Sexy content may get dedicated home in cyberspace

Negotiations for .xxx domain resurface, following a study that found more children view porn inadvertently

A controversial proposal to create a special domain for pornographic content on the Internet -- dubbed the .xxx domain -- appears to be gaining momentum after years of on-again, off-again negotiations with the Internet's technical coordinating body.

Public comments about the latest proposal for the .xxx domain are due Monday to the Internet Corporation for Assigned Names and Numbers (ICANN), which oversees the creation of domain name extensions.

ICANN has received more than 500 e-mail comments for and against the .xxx domain during the last four weeks.

The .xxx top-level domain would create a dedicated area of the Internet for sexually explicit material. The .xxx domain would be voluntary, meaning that existing pornographic Web sites in .com or other domains wouldn't be required to switch to the .xxx domain.

Many religious groups oppose the .xxx domain because they fear it will lead to a proliferation of online porn. Also in opposition are some operators of pornographic Web sites, who say the .xxx domain will segregate adult content and lead to governmental regulation. Supporters say the proposal will make it easier to filter online porn because all .xxx content will be appropriately labeled.

"There's been a lot of mixed messages sent by ICANN over the years, but I think we're going to get .xxx this time," says Bret Fausett, a partner with Cathcart Collins, a Los Angeles law firm, and the author of the popular ICANN Blog. "I bet it gets approved before the second quarter of 2007."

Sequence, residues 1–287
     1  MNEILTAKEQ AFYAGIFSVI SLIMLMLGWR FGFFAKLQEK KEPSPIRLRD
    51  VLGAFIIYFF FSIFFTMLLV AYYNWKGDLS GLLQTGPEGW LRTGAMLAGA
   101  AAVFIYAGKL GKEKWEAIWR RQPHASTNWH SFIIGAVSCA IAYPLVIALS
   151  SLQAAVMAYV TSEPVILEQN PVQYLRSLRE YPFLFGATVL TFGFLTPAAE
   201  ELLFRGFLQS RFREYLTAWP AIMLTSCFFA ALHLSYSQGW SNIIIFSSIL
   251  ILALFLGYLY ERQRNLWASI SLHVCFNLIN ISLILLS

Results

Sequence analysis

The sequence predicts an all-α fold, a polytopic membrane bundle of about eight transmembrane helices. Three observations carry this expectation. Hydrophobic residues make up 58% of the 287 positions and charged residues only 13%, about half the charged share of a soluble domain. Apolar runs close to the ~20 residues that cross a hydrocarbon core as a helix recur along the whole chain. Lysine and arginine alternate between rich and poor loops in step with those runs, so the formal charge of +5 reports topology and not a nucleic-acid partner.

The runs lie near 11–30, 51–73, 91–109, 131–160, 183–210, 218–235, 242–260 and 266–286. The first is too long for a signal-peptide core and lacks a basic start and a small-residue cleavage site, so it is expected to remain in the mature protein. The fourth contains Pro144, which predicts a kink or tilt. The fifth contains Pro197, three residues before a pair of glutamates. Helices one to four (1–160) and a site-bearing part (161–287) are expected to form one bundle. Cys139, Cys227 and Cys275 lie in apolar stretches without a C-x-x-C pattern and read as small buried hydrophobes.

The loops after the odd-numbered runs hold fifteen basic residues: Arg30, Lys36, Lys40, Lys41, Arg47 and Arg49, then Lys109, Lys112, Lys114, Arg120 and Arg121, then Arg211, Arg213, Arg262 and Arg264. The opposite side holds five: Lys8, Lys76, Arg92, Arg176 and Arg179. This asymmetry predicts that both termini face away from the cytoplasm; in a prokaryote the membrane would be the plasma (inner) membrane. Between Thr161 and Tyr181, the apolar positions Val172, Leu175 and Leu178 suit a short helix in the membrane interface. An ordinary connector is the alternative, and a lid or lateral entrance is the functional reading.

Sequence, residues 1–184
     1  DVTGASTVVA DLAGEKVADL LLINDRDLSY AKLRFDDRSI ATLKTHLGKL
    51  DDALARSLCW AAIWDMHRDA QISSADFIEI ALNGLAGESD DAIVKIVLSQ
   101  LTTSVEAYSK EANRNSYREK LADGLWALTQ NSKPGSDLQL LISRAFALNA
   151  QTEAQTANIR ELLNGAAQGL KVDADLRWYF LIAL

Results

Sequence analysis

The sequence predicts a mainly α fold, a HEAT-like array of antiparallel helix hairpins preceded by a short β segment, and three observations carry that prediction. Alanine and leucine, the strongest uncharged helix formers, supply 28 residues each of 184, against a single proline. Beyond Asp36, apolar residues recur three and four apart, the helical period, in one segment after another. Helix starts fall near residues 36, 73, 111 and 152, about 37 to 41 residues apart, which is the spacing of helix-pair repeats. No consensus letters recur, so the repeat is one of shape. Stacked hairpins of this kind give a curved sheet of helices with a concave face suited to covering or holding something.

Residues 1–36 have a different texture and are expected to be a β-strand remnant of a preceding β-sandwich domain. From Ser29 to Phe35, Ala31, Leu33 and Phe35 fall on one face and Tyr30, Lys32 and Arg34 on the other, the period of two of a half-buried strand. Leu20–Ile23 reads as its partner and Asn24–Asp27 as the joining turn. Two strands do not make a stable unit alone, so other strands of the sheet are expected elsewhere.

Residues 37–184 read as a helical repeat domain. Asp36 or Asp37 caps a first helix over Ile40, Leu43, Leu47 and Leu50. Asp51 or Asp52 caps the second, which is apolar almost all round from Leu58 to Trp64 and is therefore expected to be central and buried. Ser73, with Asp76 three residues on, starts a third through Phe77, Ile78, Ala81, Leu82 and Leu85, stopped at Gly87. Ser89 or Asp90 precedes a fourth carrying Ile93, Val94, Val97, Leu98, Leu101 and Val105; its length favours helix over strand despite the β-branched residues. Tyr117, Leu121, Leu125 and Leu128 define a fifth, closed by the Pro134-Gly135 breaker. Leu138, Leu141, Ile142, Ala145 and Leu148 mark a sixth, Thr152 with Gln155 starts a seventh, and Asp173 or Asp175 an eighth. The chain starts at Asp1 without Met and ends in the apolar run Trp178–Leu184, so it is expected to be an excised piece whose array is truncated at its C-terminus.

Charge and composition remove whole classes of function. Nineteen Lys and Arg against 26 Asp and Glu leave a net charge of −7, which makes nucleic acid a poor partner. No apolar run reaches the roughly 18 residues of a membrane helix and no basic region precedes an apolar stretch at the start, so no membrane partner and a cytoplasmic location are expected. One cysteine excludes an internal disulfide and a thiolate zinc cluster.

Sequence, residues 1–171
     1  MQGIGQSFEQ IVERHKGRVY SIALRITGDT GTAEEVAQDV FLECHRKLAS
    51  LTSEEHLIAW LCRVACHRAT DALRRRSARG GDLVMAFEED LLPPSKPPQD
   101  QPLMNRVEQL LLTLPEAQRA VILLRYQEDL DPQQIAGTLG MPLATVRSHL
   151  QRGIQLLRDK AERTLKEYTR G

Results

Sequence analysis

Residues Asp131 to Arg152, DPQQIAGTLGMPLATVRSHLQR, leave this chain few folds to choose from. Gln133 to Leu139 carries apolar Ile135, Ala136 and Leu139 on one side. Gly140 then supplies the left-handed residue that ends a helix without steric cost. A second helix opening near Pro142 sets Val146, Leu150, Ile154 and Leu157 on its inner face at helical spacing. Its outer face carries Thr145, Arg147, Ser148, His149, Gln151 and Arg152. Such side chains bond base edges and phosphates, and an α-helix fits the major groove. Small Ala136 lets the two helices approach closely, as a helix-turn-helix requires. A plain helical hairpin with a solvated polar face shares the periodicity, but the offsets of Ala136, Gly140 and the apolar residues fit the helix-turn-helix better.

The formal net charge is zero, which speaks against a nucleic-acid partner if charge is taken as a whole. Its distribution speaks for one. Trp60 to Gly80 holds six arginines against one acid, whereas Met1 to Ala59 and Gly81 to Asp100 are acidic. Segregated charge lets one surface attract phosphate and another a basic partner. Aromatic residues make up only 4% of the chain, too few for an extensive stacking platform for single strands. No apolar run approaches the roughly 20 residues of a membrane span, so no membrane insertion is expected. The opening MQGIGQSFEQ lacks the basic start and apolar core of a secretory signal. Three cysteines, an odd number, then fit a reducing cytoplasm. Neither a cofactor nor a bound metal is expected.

ICM Registry, a U.S. start-up created to operate the .xxx domain, first proposed a dedicated domain for sexually explicit material to ICANN in October 2000. However, ICANN deemed this proposal too controversial and approved seven other domains instead including .biz and .info.

In March 2004, ICM Registry resubmitted its idea for a .xxx domain among a group of sponsored top-level domains that would be restricted to particular industries or groups. The ICM Registry teamed with Afilias, a provider of back-end domain name registry services, on this proposal. Since then, ICANN has approved several other sponsored top-level domains including .travel and .jobs.

In June 2005, the ICANN board directed its staff to enter into business and technical negotiations with ICM for the creation of a .xxx domain. However, in May 2006 the ICANN board rejected the .xxx registry agreement that the ICANN staff and ICM proposed.

ICM and the ICANN staff renegotiated the agreement, which was posted on Jan. 5, 2007 and discussed by the ICANN board at its January meeting. The new ICM Registry agreement includes prohibitions against child pornography and mandates machine-readable meta-tagging of content.

"We have a requirement for anybody in the .xxx domain to put on their sites machine-readable meta-tags that will make filtering easier," says Stuart Lawley, CEO of ICM Registry. "We have asked the Internet Content Rating Association to produce a specific tag for adult content."

The ICANN board is expected to consider the latest public comments and revised .xxx registry agreement soon.

The next ICANN meeting is scheduled for March 26-30 in Lisbon, Portugal.

Lawley says he has no idea when the ICANN board will make a final decision about the .xxx domain. "It should have been done two or three years ago," he says.

Lawley says the ICM Registry has received tens of thousands of pre-registrations for .xxx names from operators of pornographic Web sites.

"`We've received more than twice our original forecast in pre-registrations since last May," Lawley says. "This leads us to believe that we will have many hundreds of thousands of names registered when we go live."

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